The spotlight on STEM (…

I am slowly working on an article for Skeptical Inquirer about the ways in which religious apologists use mathematical arguments in their rhetoric. Among these arguments are the familiar creationist claims about probability and information theory, but there is also a family of arguments based on the effectiveness of mathematics itself. The basic argument is that mathematics is so useful for describing the world solely because God, in his benevolence, designed the world to be describable in that way. They will often cite Eugene Wigner's 1960 article “The Unreasonable Effectiveness of…

I have a guest post up over at the blog of Oxford University Press, discussing a few amusing tidbits from set theory. The post was inspired by this earlier post, in which I mentioned the bizarre criticism of set theory served up by a publisher of Christian home schooling materials.
In my new post I discuss Russell's paradox, another classic paradox whose name I do not know. and finish with a set-theory-based “proof” that all counting numbers are interesting. (More precisely, I show that the set of boring counting numbers is empty.) Enjoy!

Well, it looks like I have my next book project lined up! This one's a bit of a departure for me, since I will be an editor this time as opposed to an author. I will be editing a tribute volume to Raymond Smullyan, to be published by Dover Publications probably sometime next year.
I've mentioned Smullyan a few times in this blog. He's probably best known for his many books of logic puzzles. He did not invent the genre of puzzles about liars and truthtellers, but he certainly elevated it to a high art. He is also well-known for using puzzles as a device for communicating deep ideas in…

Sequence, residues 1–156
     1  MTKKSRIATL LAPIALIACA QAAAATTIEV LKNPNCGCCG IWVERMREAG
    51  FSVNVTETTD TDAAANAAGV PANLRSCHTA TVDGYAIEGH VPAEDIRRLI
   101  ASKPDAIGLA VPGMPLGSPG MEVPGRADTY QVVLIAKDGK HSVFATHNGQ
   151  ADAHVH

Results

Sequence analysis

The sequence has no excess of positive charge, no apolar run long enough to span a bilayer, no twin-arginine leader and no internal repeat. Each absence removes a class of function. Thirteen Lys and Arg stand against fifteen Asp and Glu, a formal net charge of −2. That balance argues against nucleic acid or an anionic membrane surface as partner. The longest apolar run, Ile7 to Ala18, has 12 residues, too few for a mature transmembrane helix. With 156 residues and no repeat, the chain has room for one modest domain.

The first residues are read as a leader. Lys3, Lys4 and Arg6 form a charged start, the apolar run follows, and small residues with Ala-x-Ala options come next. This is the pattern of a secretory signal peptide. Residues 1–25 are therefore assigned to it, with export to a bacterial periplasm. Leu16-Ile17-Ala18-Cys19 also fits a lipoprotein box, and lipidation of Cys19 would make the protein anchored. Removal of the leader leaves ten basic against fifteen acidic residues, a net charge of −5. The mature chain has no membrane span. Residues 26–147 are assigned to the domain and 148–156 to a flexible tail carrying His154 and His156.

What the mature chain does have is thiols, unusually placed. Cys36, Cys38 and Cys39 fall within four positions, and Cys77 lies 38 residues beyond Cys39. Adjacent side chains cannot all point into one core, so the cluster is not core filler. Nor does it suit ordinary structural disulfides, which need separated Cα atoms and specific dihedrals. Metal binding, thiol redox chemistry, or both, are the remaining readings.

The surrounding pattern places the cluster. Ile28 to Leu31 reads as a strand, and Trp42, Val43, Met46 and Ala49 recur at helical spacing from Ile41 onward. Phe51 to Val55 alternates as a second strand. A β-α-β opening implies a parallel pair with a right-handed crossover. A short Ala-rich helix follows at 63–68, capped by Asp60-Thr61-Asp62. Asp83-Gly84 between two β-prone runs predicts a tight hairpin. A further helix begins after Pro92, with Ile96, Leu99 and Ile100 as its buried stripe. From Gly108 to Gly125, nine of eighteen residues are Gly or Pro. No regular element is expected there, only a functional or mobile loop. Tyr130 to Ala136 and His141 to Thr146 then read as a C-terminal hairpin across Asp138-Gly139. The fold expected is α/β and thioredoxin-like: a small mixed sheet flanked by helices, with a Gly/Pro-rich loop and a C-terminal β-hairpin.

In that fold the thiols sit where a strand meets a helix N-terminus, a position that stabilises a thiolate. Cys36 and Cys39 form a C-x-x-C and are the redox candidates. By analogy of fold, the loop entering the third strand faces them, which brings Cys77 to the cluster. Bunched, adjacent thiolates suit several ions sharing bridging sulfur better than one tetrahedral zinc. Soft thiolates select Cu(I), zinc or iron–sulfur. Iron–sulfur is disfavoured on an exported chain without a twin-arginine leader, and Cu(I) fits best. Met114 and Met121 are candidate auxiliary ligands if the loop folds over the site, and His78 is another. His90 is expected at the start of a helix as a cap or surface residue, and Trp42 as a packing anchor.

Mathematician Tanya Khovanova has just posted a review of the Big Sudoku Book. She writes:
I received the book Taking Sudoku Seriously by by Jason Rosenhouse and Laura Taalman for review and put it aside to collect some dust. You see, I have solved too many Sudokus in my life. The idea of solving another one made me barf. Besides, I thought I knew all there is to know about the mathematics of Sudoku.
One day out of politeness or guilt I opened the book — and couldn’t stop reading.
The book is written for people who like Sudoku, but hate math. This is so strange. Sudoku is math. People who…

An amusing tidbit, from HuffPo:
The U.S. population has reached a nerdy and delightful milestone.
Shortly after 2:29 p.m. on Tuesday, August 14, 2012, the U.S. population was exactly 314,159,265, or pi (π) times 100 million, the U.S. Census Bureau reports. The U.S. Census Bureau's Population Clock projects the real-time size of the U.S. population based on monthly population estimates.